Trip to Pastor's Retreat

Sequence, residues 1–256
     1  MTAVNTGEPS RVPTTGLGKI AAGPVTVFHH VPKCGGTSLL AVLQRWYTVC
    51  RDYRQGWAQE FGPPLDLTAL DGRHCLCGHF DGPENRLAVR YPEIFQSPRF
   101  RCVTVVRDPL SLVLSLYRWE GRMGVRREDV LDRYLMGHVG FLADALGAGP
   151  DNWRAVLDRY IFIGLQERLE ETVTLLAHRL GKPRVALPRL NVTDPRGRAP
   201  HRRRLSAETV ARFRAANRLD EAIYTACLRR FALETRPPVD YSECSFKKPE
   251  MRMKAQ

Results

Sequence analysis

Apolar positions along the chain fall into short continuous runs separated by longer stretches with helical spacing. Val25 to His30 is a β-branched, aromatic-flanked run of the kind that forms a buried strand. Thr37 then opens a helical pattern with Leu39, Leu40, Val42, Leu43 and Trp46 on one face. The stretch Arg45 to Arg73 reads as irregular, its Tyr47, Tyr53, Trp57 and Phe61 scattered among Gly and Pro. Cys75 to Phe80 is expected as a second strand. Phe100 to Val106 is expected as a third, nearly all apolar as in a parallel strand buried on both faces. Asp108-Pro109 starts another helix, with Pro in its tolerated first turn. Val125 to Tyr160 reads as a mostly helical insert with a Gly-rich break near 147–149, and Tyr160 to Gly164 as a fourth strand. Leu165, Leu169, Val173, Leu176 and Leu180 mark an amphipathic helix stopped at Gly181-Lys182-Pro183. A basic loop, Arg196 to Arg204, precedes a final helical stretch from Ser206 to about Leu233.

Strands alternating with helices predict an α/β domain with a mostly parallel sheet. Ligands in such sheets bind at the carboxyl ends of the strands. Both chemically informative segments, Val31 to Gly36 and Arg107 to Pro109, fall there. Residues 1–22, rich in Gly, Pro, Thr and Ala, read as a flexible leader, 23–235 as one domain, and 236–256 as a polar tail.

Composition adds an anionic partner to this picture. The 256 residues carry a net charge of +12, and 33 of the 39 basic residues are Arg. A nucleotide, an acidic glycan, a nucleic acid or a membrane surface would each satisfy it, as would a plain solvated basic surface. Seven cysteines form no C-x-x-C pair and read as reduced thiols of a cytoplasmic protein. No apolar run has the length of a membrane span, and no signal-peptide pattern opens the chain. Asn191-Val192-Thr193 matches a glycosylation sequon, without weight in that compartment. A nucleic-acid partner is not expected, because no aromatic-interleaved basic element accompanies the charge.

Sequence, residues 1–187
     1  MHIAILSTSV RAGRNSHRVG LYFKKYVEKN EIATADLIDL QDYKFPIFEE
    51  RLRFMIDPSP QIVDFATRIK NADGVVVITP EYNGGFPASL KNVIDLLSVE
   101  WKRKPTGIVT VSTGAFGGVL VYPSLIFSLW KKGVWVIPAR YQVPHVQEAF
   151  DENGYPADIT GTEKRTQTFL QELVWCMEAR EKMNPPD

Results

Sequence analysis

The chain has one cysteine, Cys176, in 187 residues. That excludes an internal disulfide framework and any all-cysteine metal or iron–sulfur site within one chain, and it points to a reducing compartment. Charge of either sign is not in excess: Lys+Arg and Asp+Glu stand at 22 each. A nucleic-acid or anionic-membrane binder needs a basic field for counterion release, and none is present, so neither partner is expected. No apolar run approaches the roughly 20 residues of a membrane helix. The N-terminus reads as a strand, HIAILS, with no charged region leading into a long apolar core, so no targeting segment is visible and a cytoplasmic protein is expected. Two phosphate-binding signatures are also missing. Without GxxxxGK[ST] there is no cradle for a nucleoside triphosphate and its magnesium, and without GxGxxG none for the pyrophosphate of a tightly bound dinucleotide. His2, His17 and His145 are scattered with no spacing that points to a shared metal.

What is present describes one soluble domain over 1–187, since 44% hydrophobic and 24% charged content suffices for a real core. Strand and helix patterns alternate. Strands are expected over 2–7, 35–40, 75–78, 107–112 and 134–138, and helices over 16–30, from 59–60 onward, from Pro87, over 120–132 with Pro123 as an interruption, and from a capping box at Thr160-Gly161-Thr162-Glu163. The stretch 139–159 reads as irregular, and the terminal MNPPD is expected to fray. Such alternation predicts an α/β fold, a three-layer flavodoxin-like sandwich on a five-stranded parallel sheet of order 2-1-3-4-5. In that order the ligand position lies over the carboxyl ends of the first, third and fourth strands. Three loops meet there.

Jeff and I had a chance to see yet another part of the area in the evening. Dago had to drop off some Sunday school supplies at a pastor's retreat in Sula, which is about 15 minutes away from Azacualpa, though I didn't have a sense of direction. We enjoyed another ride in the back of Dago's pick-up, and this time there was the added perk of adding a hitch hiker to the trip. As some of you know, Dago is quite the social butterfly, stopping every few blocks, because he knows someone and to say hi. But once he's outside the town, he drives like a madman and I had to hold on to my glasses, so they wouldn't fall off. Anyway, we stopped at some intersection and this "regular" looking guy kind of ran into the street in front of us and probably only used 5 words to ask Dago if he could hitch a ride. Dago motioned him to hop in the back and there he was. He wasn't very talkative and I already forgot his name. He may have been on the way home from work. So he just there and enjoyed his ride and hopped out ten minutes later. As I mentioned in an earlier blog, tailgating is indeed a form of public transportation.